The Theatre of the People’s latest foray onto the stage at the John Waldron Arts Center’s Rose Fire is The Science Fiction Fair with H.G. Wells The Invisible Man and Karel Capek’s Rossum’s Universal Robots.
When you’re seeing or reviewing a production of The Theatre of the People it’s impossible to avoid mixing in more concerns about the production process and theatrical goals than you might with another theatre group. The scripts for this theatrical twofer were developed in very different way and as you might expect quite different results. The script for The Invisible Man was developed with reference to the original book but through improvisations directed by Pat Anderson with Suzie Zimmerman. The basic plot is outlined and there are plenty of short focused scenes, many with humor drawn from local references. The thirteen member cast ranges from experienced and inexperienced adults down through college, high school and the elementary grades. There are more than a couple of family connections in the cast.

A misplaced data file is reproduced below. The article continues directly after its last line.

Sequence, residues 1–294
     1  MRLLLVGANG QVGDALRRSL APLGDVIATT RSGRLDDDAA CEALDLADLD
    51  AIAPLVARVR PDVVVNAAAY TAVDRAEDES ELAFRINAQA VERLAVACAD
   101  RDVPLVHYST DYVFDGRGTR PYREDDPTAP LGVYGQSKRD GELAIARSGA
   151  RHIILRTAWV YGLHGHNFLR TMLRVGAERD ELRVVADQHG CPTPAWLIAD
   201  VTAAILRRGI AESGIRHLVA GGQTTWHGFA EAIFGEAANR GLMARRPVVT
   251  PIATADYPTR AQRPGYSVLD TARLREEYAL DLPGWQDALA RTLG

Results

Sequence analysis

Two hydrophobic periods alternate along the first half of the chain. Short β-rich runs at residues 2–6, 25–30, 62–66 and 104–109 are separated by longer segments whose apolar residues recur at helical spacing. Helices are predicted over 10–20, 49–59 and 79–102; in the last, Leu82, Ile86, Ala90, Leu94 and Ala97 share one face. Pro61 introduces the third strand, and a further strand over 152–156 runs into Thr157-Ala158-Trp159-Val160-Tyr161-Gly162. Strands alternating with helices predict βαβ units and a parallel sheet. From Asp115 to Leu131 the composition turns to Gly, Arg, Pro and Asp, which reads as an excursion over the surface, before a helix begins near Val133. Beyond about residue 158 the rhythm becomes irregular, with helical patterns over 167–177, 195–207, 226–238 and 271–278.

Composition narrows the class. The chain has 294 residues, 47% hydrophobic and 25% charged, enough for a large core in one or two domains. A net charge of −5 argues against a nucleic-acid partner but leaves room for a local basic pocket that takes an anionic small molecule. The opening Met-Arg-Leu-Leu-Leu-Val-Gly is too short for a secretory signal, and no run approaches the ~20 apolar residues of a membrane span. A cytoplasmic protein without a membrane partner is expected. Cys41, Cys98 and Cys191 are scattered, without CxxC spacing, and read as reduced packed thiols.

The script for Rossum’s Universal Robots is an adaptation by director and Theatre of the People co-founder David Nosko. Nosko began by cutting the script down past a third of its original length, and then had co-founder Hannah Moss choreograph a couple of sequences to fill in, explain and dramatize the action. The dance sequence as Mary Malooley playing an investigative reporter becomes involved with all of the hierarchy of the company was a nicely worked out piece that served the drama well. I enjoyed a later piece on the robots dominance for its dance coherence, but was a bit puzzled as the executed humans had to get up and partner the steps. In this piece the original script’s outline was stronger and the scenes and speeches longer as well.
As I said, the script development for these two pieces was quite different. They look and feel different. But they are united by Theatre of the People’s concern with process, with the theatre people and the people in the audience. At the conclusion of The Invisible Man the entire cast became invisible as they reflected on how it feels and what it means. At the end of Rossum’s Universal Robots man and the basic robots they fought have come to an end and things begin anew with just two character. The emphasis is on promise and new possibilities.
The Theatre of the People’s Science Fiction Fair has final performances October 22nd and 23rd at eight and October 24th at two and eight.